- Plant Symbolism
- Endurance: Zinnia elegans represents endurance due to its ability to withstand harsh conditions and still produce vibrant flowers.
- Remembrance: It is often associated with the memory of absent friends, symbolizing an enduring affection that remains despite separation or loss.
- Daily remembrance: The flower suggests a reminder to think of absent loved ones on a daily basis.
- In memory of an absent friend: This symbolism is tied to the tradition of giving zinnias to someone who has recently lost a friend as a symbol of lasting friendship.
- Goodness and kindness: The vibrant, multi-petaled nature of the zinnia represents a multi-faceted embodiment of goodness and kindness.
- Lasting affection: Its long-lasting nature and the wide range of colors symbolize an affection that does not fade.
Zinnia (common zinnia) should be watered regularly to maintain evenly moist soil, especially during dry spells. They prefer a moderate amount of water, so aim to water deeply once a week, providing about one inch of water, which translates to approximately 0.623 gallons per square foot. In particularly hot or windy weather, checking the soil moisture more frequently is important, as zinnias may require additional watering. Avoid overhead watering to prevent mildew and other diseases, instead water at the base of the plant to keep the leaves and flowers dry.
Zinnias thrive in full sunlight, so the best spot for Zinnia elegans 'Pulcino Mixed' is a location where they can receive at least six to eight hours of direct sunlight each day. They perform well in bright, unfiltered light, which promotes strong, healthy growth and maximizes flower production. Avoid planting them in areas with a lot of shade, as this can lead to weak growth and fewer blooms.
Zinnias are warm-weather flowers and prefer temperatures between 60°F and 75°F for optimal growth. They can tolerate minimum temperatures down to 50°F but will be damaged by frost. Maximum temperatures should not consistently exceed 85°F, as prolonged heat may stress the plants and affect blooming. It's important to provide a warm environment, especially during the growing season.
Pruning, or deadheading, zinnias encourages more blooms and a bushier plant habit. Regularly remove the spent flowers, cutting them back to the next bud or leaf to promote continuous flowering throughout the season. The best time for pruning zinnias is in the late spring or early summer months when the flowers begin to fade. This will also help reduce the likelihood of disease by improving air circulation around the plants.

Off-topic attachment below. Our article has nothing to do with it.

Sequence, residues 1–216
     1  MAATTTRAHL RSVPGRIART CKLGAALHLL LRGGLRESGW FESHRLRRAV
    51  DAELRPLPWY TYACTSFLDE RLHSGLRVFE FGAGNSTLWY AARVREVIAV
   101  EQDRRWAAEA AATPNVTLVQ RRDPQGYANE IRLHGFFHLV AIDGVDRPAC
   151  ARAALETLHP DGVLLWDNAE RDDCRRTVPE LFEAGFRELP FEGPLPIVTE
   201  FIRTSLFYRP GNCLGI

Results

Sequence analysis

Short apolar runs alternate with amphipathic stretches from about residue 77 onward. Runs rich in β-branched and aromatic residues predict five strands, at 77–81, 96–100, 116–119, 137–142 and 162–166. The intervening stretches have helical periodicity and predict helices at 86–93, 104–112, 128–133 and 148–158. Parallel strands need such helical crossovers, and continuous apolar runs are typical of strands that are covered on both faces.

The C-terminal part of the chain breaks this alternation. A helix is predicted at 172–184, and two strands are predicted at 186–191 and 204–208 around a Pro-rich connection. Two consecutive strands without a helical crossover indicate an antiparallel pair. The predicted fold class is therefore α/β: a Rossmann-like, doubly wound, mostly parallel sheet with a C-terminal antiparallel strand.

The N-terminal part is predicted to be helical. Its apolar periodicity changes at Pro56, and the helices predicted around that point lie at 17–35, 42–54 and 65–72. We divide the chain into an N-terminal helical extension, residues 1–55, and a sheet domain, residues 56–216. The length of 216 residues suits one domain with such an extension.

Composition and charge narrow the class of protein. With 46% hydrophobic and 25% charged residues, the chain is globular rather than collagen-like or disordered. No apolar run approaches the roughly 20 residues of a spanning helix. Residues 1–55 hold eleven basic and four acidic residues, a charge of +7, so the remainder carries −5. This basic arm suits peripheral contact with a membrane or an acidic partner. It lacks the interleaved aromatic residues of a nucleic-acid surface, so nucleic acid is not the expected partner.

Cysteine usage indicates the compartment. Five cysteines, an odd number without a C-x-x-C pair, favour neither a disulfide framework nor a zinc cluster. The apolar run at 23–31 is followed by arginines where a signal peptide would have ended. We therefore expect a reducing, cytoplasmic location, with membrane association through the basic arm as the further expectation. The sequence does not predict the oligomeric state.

Zinnias require a well-draining soil mix rich in organic matter with a pH range of 5.5 to 7.5. A blend of equal parts garden soil, compost, and peat or perlite would be ideal for providing the nutrients and drainage that Common Zinnias need.
Common Zinnias, being annuals, generally do not require repotting as they complete their life cycle within one growing season and are then replanted.
- Humidity & Misting
Common Zinnias are tolerant of a wide range of humidity levels and do best in moderate conditions; they do not require special humidity care.
- Suitable locations
Ensure full sun, warm temps, and well-draining soil for indoor Common Zinnias.
Plant in full sun, well-draining soil, and space adequately outdoors.
- Life cycle
Zinnia elegans, commonly known as common zinnia, begins its life as a seed that, when sown in fertile, well-draining soil and provided with warmth and moisture, germinates within 5-7 days. The seedling stage follows, characterized by the emergence of the first true leaves after the initial cotyledons, during which the plant requires ample sunlight and water to establish a strong root system. As the plant enters the vegetative stage, it develops a robust stem and a lush foliage canopy, preparing for the flowering stage. Flowering occurs typically within 60 to 70 days from sowing, where the plant produces vibrant, multi-petaled flowers in a variety of colors, which are attractive to pollinators such as bees and butterflies. After pollination, the flowers develop into seed heads containing numerous tiny seeds, thus completing the reproductive stage. Finally, as temperatures cool or resources become scarce, the plant enters senescence, where it dies back, leaving seeds which can germinate to begin the cycle anew in the next growing season.
Zinnia elegans, commonly known as Zinnias, are primarily propagated by seed. The most popular method of propagation for Zinnias involves starting the seeds indoors about 4 to 6 weeks before the last expected frost date. To propagate Zinnias by seed, fill seed-starting trays or small pots with a well-draining soil mix and sow the seeds lightly covering them with a fine layer of soil, no more than a 1/4 inch (approximately 6 millimeters) deep. Keep the soil evenly moist but not waterlogged and maintain a temperature around 75-80 degrees Fahrenheit (24-27 degrees Celsius) to ensure good germination. Typically, Zinnia seeds will germinate in 5 to 7 days under optimal conditions. Once the seedlings have several true leaves and are large enough to handle, they can be transplanted to individual pots or directly into the garden after all danger of frost has passed.